Perhaps the most insidious and dangerous misplaced faith in authority is in the area of moral values. There is not such thing as a moral authority.
Moral values are not dictated, nor are they determined by fiat of any authority, nor are they contingent on anyone's opinion, choice, or knowledge. Moral values are determined by the nature of the beings to whom they pertain and the nature of the world they live in. Moral values are those values that determine what is good and what is bad for human beings living in the real world, as delineated in theIntroduction to Autonomy, under Values
Many a man that can't direct you to a corner drugstore will get a respectful hearing when age has further impaired his mind. ---Finley Peter Dunne
Many so-called authorities are considered so only because they have managed to outlive everyone that knew better and could have testified to the fact that they are nothing but frauds. Bertrand Russell comes to mind in the field of philosophy.
So, you only rely on authority when you don't feel competent to make a decision because you don't have enough knowledge about the case. You do feel competent to know who does have enough knowledge.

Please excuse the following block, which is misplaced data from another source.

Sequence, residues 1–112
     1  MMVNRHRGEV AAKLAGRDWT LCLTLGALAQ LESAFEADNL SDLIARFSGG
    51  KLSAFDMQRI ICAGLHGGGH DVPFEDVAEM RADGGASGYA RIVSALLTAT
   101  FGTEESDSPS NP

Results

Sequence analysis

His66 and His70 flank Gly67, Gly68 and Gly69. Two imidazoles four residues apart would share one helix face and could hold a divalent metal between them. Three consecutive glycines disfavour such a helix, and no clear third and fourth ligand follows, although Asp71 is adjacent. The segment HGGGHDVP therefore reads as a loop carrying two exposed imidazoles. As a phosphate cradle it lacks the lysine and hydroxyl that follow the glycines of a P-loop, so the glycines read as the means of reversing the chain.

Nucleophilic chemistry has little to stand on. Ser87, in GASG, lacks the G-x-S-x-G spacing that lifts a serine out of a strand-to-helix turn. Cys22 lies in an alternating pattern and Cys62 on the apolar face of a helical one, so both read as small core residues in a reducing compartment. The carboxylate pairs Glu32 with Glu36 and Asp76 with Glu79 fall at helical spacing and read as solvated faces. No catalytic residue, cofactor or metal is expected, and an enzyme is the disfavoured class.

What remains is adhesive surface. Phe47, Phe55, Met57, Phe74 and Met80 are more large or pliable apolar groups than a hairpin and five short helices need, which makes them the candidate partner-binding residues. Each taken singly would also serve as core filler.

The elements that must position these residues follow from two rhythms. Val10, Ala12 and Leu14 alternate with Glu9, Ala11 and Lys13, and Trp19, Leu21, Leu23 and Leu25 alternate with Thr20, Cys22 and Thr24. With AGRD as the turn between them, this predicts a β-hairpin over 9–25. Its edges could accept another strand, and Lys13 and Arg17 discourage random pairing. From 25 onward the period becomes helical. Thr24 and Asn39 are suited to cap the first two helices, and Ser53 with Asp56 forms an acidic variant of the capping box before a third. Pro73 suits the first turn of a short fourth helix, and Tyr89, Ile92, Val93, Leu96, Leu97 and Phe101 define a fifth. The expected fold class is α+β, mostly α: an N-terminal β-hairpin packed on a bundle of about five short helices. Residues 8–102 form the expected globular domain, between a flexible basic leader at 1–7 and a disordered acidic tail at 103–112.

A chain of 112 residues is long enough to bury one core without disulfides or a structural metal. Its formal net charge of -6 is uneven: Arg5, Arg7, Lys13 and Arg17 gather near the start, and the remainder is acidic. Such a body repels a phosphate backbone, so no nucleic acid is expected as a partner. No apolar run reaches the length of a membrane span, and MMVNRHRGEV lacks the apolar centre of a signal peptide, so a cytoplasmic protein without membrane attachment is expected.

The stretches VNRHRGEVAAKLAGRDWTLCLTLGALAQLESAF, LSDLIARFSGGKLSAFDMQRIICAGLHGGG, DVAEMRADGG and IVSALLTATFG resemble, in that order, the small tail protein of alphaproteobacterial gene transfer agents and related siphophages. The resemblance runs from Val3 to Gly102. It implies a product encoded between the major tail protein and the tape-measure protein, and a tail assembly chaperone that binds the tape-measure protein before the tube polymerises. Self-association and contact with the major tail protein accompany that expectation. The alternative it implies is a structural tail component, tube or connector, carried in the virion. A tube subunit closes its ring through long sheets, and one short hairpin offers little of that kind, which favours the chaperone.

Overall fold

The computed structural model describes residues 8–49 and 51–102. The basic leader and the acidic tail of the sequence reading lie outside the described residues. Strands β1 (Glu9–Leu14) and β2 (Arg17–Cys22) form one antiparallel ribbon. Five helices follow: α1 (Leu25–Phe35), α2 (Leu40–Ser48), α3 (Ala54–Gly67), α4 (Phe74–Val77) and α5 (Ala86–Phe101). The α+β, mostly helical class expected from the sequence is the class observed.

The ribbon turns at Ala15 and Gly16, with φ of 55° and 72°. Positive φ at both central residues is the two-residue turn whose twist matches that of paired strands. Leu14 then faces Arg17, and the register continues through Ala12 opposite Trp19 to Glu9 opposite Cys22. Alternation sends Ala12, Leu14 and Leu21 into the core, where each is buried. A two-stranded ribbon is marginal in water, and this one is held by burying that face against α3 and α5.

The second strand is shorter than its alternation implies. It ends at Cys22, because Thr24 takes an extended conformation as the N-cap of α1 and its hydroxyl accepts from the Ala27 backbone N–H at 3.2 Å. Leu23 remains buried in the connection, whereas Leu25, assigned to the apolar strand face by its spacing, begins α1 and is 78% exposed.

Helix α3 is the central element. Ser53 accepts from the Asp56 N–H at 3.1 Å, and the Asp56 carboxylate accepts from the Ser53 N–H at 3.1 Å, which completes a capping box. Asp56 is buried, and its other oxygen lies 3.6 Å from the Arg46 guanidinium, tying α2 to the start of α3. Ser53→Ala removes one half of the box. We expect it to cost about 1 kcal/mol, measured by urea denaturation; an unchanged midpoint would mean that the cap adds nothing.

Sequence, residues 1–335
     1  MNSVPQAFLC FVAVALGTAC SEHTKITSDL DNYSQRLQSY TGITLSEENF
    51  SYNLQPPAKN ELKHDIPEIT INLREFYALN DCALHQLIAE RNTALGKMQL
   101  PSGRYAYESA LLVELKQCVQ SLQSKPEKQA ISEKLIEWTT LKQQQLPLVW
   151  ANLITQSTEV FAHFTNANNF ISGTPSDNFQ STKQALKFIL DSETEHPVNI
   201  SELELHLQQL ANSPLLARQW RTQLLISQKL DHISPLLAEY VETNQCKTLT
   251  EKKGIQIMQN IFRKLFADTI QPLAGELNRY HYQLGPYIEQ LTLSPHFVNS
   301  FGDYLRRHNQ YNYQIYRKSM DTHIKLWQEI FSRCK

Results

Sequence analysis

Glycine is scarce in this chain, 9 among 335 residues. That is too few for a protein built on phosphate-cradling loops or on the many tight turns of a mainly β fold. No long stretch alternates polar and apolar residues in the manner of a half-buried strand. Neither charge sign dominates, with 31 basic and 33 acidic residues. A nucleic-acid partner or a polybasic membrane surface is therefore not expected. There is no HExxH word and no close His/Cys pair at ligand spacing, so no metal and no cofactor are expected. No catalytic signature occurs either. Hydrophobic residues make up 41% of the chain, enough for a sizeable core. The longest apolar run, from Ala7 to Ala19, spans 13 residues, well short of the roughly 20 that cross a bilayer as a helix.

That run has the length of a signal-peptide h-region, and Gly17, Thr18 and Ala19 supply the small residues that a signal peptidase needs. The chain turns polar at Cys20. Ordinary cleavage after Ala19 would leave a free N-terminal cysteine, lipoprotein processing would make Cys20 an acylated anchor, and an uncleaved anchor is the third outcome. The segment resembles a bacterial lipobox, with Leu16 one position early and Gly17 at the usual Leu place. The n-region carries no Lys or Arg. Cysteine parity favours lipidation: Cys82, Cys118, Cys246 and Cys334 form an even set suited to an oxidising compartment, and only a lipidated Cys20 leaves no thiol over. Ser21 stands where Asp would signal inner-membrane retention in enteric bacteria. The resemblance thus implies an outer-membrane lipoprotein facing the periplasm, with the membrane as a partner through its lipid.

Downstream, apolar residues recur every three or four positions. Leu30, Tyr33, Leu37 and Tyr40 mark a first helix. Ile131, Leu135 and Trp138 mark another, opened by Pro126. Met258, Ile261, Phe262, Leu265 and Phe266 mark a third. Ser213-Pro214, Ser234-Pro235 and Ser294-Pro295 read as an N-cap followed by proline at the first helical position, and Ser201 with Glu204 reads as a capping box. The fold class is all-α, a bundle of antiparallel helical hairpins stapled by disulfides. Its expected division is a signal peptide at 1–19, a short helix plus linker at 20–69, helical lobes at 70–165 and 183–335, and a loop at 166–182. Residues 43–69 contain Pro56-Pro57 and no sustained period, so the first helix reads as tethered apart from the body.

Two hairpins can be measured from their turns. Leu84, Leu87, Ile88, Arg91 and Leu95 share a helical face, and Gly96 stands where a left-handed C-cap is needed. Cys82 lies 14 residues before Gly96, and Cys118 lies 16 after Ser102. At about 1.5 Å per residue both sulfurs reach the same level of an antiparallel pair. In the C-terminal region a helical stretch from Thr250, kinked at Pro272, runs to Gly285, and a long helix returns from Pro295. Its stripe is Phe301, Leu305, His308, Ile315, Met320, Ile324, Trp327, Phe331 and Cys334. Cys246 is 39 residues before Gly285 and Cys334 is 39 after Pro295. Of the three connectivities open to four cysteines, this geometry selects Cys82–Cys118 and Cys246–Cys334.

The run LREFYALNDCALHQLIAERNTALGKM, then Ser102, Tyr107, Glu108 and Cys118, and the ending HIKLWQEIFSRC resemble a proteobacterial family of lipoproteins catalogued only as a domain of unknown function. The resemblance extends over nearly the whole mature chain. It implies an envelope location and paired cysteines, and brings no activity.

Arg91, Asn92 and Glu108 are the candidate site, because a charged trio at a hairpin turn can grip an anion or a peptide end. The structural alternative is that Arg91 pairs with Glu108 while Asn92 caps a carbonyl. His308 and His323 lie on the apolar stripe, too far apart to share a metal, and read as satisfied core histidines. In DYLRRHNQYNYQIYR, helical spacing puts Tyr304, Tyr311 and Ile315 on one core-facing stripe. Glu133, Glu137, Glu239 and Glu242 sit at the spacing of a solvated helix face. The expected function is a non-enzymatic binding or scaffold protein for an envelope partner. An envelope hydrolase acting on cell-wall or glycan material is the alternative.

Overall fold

How do you decide what authority to depend on? If you do not understand your religion, your philosophy, your politics, how do you know the one you are depending on understands these things better than you, or even as well as you?
Better to base your decision on your own knowledge, however limited it may be, then to depend on the knowledge of someone else, whose competence you have no way of judging. If your choice is mistaken, you will know why you made the choice and be able to correct your thinking. If you depend on someone else, and the choice is mistaken, you have learned nothing, and must either find a new authority or finally think for yourself.
The final authority in all choices is your own mind, like it or not.
Ultimately, every choice you make and every thought you think is yours. Even if you depend on some authority to tell you what to think and do, you must choose the authority and choose to believe and obey. You cannot escape responsibility for you choices, because the final authority is always your mind and your choice.